Very good article!
Anne Ominous
While many economists like to say that gold was an "unstable" currency, actual history shows otherwise. Situations like the one in Spain were exceedingly rare, and today's knowledge of economics is more than enough to deal with it. The concept of currency inflation was not exactly common knowledge 400 years ago. It is today, precisely because we do have fiat money which is habitually inflated.
And contrary to what you write here, Bitcoin does have an "intrinsic value", but I mean that in the old economic sense of "intrinsic value"... which is an unfortunate name for the property because technically it is literally "intrinsic" nor does it have much to do with any subjective "value". Nevertheless, it does have "intrinsic value" in the old sense of that phrase, because it has a cost of production and distribution. But again I want to emphasize this intrinsic value has NOTHING to do with what people normally think of as "value".
Commodity prices (and unlike fiat dollars, Bitcoin is very much a commodity) tend to gravitate toward this "intrinsic value", which is equal to the cost of production and distribution, for a very simple reason: supply and demand. If the price is much higher, more people will produce, which increases the supply, in turn bringing the price back down. If the price is too low, people will stop producing (obviously: there is no profit in it) lowering the supply which again raises prices. (It should be self-evident that nobody in a free market will produce at a loss for very long.)
So by that older meaning of "intrinsic value", Bitcoin very definitely has one. It is by no mean fixed, however, because the cost of Bitcoin mining does go up with time, and eventually will no longer be possible.
And again, just to drive the point home: that property which old economists labeled "intrinsic value" is not "intrinsic" to the good, in the current economic sense (rather it is due to a collection of outside factors), nor is it a "value" in the sense most people mean. Technically speaking, it is a cost. The term "value" was used because it is a point around which prices in a free market tend to gravitate. Just as Bitcoin will, when the market becomes sane again.
What's the difference between 'illegal' gold and the 'legal' gold? Gold is gold in this material plane, pure metal with a history going back thousands of years. Gold is an element that cannot be divided.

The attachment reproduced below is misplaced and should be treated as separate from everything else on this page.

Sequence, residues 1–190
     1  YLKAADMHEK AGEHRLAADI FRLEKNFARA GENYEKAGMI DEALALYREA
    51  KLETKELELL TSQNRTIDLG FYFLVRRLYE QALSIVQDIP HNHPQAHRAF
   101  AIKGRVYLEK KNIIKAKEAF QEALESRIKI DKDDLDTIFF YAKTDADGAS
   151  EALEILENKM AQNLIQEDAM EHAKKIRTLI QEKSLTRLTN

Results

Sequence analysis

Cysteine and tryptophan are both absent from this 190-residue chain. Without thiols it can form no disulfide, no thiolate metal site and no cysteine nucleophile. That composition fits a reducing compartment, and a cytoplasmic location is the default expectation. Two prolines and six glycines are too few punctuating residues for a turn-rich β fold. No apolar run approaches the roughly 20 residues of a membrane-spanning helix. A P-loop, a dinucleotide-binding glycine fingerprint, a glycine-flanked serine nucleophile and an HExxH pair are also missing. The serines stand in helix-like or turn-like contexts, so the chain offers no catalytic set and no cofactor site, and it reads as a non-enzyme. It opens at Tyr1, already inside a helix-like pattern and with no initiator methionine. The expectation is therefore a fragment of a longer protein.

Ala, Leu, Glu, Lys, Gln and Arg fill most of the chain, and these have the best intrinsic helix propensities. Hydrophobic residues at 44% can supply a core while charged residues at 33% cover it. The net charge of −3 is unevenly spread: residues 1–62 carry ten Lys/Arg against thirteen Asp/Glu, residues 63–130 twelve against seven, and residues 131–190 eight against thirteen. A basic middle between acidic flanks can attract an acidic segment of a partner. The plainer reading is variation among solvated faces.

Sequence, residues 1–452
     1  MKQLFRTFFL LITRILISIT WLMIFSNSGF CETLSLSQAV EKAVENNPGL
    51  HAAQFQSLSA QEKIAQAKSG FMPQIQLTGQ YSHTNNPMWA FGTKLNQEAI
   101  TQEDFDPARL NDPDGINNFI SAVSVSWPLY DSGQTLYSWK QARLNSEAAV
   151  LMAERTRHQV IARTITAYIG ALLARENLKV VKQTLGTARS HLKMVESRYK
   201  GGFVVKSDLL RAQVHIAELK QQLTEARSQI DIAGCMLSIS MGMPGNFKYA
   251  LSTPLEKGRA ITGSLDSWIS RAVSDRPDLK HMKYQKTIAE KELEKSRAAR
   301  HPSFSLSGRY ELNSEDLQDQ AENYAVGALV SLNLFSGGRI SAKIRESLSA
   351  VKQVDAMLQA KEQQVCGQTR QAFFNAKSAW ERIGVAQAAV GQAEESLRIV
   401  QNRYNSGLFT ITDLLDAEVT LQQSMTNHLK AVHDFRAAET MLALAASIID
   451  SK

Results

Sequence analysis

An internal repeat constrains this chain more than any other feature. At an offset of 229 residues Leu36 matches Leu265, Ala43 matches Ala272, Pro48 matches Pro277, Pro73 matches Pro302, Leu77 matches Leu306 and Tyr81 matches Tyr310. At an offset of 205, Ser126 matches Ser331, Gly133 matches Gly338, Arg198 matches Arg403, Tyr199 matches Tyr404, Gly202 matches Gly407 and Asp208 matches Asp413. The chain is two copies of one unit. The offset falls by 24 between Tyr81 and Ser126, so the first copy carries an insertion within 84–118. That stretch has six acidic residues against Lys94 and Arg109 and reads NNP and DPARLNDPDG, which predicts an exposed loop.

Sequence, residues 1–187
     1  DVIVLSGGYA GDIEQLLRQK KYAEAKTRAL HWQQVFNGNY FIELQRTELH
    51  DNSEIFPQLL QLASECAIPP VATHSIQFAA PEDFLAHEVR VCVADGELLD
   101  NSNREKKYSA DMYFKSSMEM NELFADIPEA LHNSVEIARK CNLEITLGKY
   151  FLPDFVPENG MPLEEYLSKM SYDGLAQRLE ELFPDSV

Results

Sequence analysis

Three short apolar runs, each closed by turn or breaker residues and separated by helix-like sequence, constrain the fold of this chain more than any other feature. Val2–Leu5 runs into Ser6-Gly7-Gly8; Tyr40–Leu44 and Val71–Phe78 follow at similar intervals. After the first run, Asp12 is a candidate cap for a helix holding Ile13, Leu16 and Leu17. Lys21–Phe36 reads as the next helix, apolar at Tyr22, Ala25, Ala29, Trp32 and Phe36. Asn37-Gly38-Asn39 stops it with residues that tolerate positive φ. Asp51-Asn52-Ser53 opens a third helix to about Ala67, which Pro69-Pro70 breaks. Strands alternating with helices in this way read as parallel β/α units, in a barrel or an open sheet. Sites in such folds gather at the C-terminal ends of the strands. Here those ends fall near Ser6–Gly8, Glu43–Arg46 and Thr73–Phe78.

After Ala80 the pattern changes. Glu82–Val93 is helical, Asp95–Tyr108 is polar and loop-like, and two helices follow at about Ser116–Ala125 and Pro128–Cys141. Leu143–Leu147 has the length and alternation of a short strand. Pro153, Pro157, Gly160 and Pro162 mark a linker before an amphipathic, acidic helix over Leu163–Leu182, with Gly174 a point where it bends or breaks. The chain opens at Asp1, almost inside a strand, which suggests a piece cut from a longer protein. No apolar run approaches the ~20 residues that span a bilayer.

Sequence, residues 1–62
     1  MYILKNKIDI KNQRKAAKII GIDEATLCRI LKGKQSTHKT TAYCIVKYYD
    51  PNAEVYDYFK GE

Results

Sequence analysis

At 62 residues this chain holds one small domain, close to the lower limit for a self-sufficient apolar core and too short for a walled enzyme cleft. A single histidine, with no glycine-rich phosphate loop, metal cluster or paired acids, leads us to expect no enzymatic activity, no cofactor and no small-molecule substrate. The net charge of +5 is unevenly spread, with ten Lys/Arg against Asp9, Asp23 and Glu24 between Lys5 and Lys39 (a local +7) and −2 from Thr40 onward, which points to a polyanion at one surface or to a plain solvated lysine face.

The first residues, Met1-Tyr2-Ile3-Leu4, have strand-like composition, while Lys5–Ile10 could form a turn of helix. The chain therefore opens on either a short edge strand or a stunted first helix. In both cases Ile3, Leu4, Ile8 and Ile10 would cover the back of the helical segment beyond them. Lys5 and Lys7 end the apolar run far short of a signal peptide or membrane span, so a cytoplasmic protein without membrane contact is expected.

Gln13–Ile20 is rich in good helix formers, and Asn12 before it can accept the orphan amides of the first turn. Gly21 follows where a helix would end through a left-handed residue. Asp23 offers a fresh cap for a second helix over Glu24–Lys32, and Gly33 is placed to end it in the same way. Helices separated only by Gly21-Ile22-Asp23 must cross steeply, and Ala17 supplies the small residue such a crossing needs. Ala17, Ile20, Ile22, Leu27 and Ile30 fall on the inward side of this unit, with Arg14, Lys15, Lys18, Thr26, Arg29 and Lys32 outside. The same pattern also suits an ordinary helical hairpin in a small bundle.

OK, so some will attempt to divide it along moral grounds. Gold was and is a corruption in the grand scheme.. Manna, scruples, currency...
Bitcoin is at least a worthy challenge to the old corrupted gold.
Jan Davel
As a matter of interest, I suggest the term "Inflation" is wrong, because if I need more units of the fiat currency to purchase a specific item, the value of that currency has "deflated"
In most cases it is the value of the fiat currency that "deflates". over time.
In the shorter term the value of commodities can inflate due to higher demand and short supply and then deflate again as supply meets demand.
There's $7billion dollars worth of these sitting in 1 million bitcoin wallets. That represent a huge number of people, with a lot of wealth, and as we all know - everyone is greedy.
I think any other crypto-currency has less chance of success at toppling bitcoin, than does any new search engine at toppling google.
Since bitcoin, more than a thousand other new crypto currencies have sprung up. I have never seen even one of those in media yet.
Everyone who wants to get into crypto currency already has - in bitcoin. You've got less of a chance of convincing them to move to something else, than you have of convincing a mac bigot to switch to windows.
Bitcoin isn't going away.
Whenever there's a con, there are pros working it.
Again, an excellent article with a few surprises. I'm an anthropologist and precious few people know about the rai stone, and even fewer are aware of the popularity of Spam throughout Oceania.
Expanded Viewpoint